Thaumatrope William Henry Fitton (1826) A two-sided disk (bird on one side, cage on the other) with a central string Images merge when disk was spun
Zoetrope (ZOH-uh-trohp) Invented by William George Horner (1834) Based on the persistence of vision property Appeared in the US in 1837
Phenakistoscope Joseph Antoine Ferdinand Plateau (1832) (Also Simon Ritter von Stampfer – Stroboscope) The inner disk held the pictures in order on the rim The viewer looked through slits in an outer
Polyrama Panoptique French (1860) When doors are opened and closed in the top and back the pictures change from day to night Based on Daguerre's Diorama
Praxinoscope Emile Reynaud (1877) Based on Zoetrope First to project a moving image onto a big screen
Winsor McKay & Gertie the Dinosaur McKay, a cartoonist, produced three animations Little Nemo (1911) The Story of the Mosquito Gertie the Dinosaur (1914)
Winsor McKay & Gertie the Dinosaur Little Nemo, based on one of McKay’s comic strips, was a dreamlike experiment in motion The Story of the Mosquito tells a comic story of a mosquito's encounter with a drunken man Both films were huge successes in McKay’s vaudeville act
Winsor McKay & Gertie the Dinosaur In 1913, McKay began to animate Gertie the Dinosaur A neighbor, John A. Fitzsimmons, traced the backgrounds, while McKay animated all other elements by hand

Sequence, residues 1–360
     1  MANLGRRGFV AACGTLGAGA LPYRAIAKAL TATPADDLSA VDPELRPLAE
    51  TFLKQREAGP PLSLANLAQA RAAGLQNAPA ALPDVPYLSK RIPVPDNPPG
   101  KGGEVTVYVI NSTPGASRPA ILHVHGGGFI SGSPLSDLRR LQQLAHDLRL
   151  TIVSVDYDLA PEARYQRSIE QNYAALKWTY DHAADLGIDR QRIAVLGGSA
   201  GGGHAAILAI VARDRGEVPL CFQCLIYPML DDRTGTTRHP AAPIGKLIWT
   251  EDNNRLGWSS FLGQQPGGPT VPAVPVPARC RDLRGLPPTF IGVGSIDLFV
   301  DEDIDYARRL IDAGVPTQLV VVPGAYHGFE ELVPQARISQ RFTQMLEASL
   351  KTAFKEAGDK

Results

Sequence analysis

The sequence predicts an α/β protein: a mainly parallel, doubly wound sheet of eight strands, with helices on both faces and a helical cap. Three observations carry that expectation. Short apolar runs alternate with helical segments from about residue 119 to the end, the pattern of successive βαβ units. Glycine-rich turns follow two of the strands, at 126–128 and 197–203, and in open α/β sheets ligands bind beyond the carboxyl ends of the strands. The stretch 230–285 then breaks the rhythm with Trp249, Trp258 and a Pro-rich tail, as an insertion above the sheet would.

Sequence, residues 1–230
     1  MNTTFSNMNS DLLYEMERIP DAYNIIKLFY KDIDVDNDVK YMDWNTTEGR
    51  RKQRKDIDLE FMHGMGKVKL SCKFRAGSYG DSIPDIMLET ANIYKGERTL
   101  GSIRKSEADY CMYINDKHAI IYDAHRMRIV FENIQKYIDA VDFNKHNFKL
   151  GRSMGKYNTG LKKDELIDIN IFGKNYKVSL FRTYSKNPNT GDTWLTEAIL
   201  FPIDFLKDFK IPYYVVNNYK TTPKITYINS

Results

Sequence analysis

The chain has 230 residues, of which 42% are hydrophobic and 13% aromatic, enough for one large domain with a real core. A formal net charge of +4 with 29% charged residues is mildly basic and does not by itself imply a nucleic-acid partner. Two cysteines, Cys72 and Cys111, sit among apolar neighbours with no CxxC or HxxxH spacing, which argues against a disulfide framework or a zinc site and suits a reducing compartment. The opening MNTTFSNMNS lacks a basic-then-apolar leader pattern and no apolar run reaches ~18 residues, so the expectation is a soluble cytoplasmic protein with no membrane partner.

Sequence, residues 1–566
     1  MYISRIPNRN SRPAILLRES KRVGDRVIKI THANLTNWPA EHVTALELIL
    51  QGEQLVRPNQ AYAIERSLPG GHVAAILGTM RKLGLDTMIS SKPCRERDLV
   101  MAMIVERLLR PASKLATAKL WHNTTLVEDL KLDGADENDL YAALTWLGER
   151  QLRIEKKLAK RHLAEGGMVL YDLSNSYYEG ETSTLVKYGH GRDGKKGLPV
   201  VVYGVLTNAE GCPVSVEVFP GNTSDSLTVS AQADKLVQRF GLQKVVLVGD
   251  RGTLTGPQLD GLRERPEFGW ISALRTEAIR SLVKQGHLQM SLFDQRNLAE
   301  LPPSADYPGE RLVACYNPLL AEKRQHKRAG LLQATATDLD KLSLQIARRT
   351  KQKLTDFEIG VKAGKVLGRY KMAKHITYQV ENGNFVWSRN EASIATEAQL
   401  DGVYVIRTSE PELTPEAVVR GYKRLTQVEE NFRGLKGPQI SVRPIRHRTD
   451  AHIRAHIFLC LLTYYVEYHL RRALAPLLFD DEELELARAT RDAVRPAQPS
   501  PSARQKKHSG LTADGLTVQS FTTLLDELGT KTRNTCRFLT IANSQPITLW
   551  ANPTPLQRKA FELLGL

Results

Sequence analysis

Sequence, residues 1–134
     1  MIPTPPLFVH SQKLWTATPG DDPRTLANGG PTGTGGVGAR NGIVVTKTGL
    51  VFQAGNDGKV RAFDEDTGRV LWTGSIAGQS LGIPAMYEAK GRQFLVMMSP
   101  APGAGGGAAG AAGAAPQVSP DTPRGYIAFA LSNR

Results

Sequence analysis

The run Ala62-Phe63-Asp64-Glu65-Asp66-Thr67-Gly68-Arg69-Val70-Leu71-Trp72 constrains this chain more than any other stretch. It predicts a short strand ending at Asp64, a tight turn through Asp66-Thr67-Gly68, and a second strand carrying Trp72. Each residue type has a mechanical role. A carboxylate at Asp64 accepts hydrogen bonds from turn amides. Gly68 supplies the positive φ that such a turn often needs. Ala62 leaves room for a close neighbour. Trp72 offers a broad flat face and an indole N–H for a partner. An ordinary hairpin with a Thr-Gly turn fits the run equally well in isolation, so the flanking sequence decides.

Winsor McKay & Gertie the Dinosaur In Gertie, Mckay paid attention to such details as falling dirt particles and drops of water Gertie was also a huge success and is still considered a masterpiece of animation
Walt Disney 1919: Forms Iwerks-Disney Commercial Artists with Ub Iwerks Hired by Kansas City Film Ad Company In spare time, creates Laugh-O-Grams for Newman Theater Company
Walt Disney 1923-26: Creates Alice’s Wonderland, and other Alice films, which combined a live-action Alice with animation
Walt Disney 1927: Introduced Oswald the Rabbit, a precursor to Mickey Mouse Introduced pencil test technique
Walt Disney 1928: Plane Crazy – first appearance of Mickey Mouse Steamboat Willie - first animation to synchronize sound with the action on the screen Barn Dance Steamboat Willie Walt Disney (1928)
Max Fleischer 1917-1929: Creates series, Out of the Inkwell, with character KoKo the Clown Koko was drawn using Rotoscoping; single frames of live-action film are projected onto a drawing surface, where they are traced onto animation cels
Other Animators Walter Lantz The King of Jazz (1930) Includes first technicolor animation Woody the Woodpecker
Other Animators Tex Avery Created Porky Pig, Daffy Duck, and the personality of Bugs Bunny
Secondary actions Directly results from another action Can be used to increase the complexity and interest in a scene Should be subordinate to and not compete with the primary action Example: Facial expression on a character